|The first excerpt represents the past or something you must release, and is drawn from The Crowd by Gustave le Bon:
nobles, priests, officers, and members of the king's
household--in a word, all the individuals whose mere profession
is proof of their guilt in the eyes of a good patriot--shall be
slaughtered in a body, there being no need for a special decision
in their case. The remainder shall be judged on their personal
appearance and their reputation. In this way the rudimentary
conscience of the crowd is satisfied. It will now be able to
proceed legally with the massacre, and to give free scope to
those instincts of ferocity whose genesis I have set forth
elsewhere, they being instincts which collectivities always have
it in them to develop to a high degree. These instincts,
|The second excerpt represents the present or the deciding factor of the moment, and is drawn from Eve and David by Honore de Balzac:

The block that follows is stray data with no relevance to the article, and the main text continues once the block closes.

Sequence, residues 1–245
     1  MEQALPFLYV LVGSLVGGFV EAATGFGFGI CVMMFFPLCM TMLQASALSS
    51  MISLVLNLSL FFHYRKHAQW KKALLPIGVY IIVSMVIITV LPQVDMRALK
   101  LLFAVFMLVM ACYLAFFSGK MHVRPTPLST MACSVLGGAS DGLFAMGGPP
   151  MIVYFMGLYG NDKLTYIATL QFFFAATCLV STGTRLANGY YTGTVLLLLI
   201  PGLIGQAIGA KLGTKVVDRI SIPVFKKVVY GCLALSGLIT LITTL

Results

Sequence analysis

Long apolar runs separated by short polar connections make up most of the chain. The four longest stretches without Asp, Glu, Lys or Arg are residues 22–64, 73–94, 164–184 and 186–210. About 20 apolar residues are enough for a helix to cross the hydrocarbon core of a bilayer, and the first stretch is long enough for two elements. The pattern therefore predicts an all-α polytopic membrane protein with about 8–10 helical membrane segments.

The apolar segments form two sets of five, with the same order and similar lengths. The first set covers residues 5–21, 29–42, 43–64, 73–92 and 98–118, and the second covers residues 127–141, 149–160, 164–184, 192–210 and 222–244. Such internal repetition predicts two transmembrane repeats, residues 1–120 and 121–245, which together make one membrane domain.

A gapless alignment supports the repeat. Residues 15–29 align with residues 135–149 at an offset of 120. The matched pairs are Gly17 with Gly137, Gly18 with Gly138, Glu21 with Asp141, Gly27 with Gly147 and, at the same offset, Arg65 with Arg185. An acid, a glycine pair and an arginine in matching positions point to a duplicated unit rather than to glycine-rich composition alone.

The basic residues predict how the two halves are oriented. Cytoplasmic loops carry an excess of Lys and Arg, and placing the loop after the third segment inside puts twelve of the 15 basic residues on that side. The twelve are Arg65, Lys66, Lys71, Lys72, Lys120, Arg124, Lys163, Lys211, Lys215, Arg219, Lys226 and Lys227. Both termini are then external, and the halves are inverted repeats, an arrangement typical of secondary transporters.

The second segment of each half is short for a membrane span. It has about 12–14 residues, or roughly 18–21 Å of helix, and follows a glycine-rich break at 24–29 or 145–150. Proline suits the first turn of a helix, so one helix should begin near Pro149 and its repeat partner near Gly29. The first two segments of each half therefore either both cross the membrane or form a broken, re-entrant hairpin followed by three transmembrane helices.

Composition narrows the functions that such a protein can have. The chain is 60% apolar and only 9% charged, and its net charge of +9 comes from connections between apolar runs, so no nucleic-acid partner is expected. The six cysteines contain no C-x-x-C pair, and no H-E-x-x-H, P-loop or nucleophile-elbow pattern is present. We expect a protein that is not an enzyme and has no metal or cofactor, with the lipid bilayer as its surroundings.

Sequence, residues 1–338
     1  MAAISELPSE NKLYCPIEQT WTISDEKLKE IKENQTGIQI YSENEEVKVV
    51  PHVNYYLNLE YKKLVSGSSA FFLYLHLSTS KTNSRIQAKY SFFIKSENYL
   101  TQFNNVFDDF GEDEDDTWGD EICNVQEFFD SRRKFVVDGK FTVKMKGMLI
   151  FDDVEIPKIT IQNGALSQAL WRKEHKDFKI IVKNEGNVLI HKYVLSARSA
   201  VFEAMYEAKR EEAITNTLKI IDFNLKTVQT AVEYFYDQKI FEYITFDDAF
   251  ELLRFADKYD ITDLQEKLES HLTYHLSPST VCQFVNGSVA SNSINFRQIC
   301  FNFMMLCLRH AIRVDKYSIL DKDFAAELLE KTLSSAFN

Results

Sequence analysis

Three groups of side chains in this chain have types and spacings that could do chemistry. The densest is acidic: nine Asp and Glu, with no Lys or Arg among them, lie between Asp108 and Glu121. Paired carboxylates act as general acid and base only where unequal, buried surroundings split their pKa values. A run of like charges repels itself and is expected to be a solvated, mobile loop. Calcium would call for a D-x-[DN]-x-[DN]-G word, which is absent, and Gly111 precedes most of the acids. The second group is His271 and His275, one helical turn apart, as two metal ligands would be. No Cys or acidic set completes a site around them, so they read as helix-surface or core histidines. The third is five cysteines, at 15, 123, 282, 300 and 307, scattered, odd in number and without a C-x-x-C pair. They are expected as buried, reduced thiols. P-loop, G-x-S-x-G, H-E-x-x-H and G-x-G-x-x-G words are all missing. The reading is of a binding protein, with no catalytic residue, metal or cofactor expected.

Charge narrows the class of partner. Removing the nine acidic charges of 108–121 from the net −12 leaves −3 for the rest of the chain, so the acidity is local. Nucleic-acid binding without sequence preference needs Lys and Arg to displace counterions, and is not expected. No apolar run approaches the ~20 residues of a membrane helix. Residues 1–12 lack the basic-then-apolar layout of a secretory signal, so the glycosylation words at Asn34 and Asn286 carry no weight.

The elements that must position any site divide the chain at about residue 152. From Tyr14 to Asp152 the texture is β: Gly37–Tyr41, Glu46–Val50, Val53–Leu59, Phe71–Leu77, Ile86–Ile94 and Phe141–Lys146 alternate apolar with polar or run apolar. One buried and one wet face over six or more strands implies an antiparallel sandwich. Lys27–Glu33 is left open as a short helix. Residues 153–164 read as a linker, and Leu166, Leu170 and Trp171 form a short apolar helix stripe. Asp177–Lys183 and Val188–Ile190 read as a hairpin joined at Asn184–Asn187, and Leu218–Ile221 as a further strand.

"Mme. la Comtesse du Chatelet will receive on Thursdays.
"The Mayor of Escarbas, M. de Negrepelisse, the representative of
the younger branch of the d'Espard family, and father of Mme. du
Chatelet, recently raised to the rank of a Count and Peer of
France and a Commander of the Royal Order of St. Louis, has been
nominated for the presidency of the electoral college of Angouleme
at the forthcoming elections."
"There!" said Lucien, taking the paper to his sister. Eve read the
article with attention, and returned with the sheet with a thoughtful
"What do you say to that?" asked he, surprised at a reserve that
|The third excerpt represents the future or something you must embrace, and is drawn from King Henry VI by William Shakespeare:
I was anointed king at nine months old,
My father and my grandfather were kings,
And you were sworn true subjects unto me;
And tell me, then, have you not broke your oaths?
For we were subjects but while you were king.
Why, am I dead? do I not breathe, a man?
Ah, simple men! you know not what you swear.